The Value of the Cinema

Source: ‘Robin Goodfellow’, ‘The Value of the Cinema’, Cambridge Daily News, 30 August 1919, p. 4

Text: Anyone who doubts the value of the cinema in teaching history and instilling patriotism in the growing generation ought to make a point of seeing the film depicting the life story of Nelson, which was shown at the Playhouse during the early part of the week. No school lesson however interesting, could “grip” the boy or girl in the same way that this wonderful picture did the crowds of youngsters this week. It did one’s heart good to hear them cheer as one after another the outstanding events in the life of the great hero were flashed upon the screen. The schoolchildren of today are evidently taught more about the country’s naval battles than when I went to school, for a little chap sitting behind me the other evening was well up in his facts, and shouted with eagerness at the first mention of any of the engagements, little and big, in which the immortal Nelson took part. He knew his characters well, too, for Napoleon – “Old Bony”, as he irreverently termed him – came in for a full share of hisses whenever he was shown. The young folks were not quite so well acquainted with “the lady in the case” – who was Lady Hamilton? a bright looking schoolboy asked me – but that is as it should be. “Emma’s” part in the story was very cleverly and tactfully handled by the producer. I have only one fault to find with the cinema productions of to-day, and that is the shocking spelling one frequently sees in the introductory lines explaining the pictures. There was nothing wrong with this in respect with the Nelson film, but just before, following some excellent pictures of a daring flight through the Arc de Triomphe, a photo was shown of the “interprid” airman. This is not an isolated instance, by any means. I have noticed it repeatedly in different films. A little more care in this work would vastly improve matters.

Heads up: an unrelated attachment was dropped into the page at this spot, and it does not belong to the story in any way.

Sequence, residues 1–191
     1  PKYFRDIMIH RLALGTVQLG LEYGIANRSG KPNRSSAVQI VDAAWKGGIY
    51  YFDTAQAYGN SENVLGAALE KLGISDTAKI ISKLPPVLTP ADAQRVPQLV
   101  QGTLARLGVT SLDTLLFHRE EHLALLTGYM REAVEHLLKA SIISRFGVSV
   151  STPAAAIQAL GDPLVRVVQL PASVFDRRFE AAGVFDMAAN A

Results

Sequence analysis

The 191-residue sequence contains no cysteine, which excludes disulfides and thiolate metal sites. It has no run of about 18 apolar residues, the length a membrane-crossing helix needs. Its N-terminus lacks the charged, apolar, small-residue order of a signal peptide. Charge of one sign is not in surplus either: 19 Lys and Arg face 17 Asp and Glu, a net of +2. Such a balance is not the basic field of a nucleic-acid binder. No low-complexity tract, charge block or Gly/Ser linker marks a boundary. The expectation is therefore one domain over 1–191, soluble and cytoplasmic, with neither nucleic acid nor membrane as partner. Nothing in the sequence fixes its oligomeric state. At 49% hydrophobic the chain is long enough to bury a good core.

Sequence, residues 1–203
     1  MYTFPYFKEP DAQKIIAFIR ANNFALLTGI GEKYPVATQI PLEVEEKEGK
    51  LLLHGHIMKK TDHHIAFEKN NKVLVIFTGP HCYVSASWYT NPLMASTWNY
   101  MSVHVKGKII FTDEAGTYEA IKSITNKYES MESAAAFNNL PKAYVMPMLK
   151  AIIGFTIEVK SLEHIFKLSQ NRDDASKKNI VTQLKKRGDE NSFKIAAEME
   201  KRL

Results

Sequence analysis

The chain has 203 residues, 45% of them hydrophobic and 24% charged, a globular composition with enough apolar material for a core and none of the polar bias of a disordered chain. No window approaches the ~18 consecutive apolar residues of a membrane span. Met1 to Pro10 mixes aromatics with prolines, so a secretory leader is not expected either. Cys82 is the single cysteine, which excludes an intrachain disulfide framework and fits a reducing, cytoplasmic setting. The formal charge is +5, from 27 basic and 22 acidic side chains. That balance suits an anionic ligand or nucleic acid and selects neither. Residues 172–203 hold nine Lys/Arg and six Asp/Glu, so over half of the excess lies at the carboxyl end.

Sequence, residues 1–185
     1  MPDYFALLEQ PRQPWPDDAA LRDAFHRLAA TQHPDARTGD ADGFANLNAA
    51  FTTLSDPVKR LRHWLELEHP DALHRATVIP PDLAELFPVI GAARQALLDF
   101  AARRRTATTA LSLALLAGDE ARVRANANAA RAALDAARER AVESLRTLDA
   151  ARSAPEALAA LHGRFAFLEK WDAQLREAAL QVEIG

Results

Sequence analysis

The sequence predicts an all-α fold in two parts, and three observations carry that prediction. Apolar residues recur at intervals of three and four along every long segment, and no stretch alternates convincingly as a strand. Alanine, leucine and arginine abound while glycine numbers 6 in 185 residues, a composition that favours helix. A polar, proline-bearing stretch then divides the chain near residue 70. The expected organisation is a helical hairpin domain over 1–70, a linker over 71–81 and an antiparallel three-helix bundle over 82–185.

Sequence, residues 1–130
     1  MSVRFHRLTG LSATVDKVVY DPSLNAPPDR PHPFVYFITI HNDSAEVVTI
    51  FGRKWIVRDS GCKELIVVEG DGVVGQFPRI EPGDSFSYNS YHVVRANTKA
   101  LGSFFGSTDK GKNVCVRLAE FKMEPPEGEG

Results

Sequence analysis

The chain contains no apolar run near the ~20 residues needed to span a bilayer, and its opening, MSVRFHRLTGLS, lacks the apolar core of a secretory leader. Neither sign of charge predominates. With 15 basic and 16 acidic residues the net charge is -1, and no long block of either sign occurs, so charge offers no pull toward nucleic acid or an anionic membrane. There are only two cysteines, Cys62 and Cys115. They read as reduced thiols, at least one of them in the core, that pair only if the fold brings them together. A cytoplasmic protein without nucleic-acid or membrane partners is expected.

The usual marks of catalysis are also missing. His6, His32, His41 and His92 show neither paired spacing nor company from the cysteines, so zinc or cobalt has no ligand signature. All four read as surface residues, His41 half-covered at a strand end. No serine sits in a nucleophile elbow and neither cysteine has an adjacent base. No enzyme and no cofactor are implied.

Comments: ‘Robin Goodfellow’ (a pseudonym) wrote a column ‘Table Talk’ for the Cambridge Daily News, from which this account derives. The British feature film Nelson (1918) was directed by Maurice Elvey for Master-International Exclusives. The French aviator Charles Godefroy flew through the Arc de Triomphe in Paris on 7 August 1919. My thanks to Lucie Dutton for bringing this piece to my attention.

Links: Copy held at the British Newspaper Archive (subscription site)

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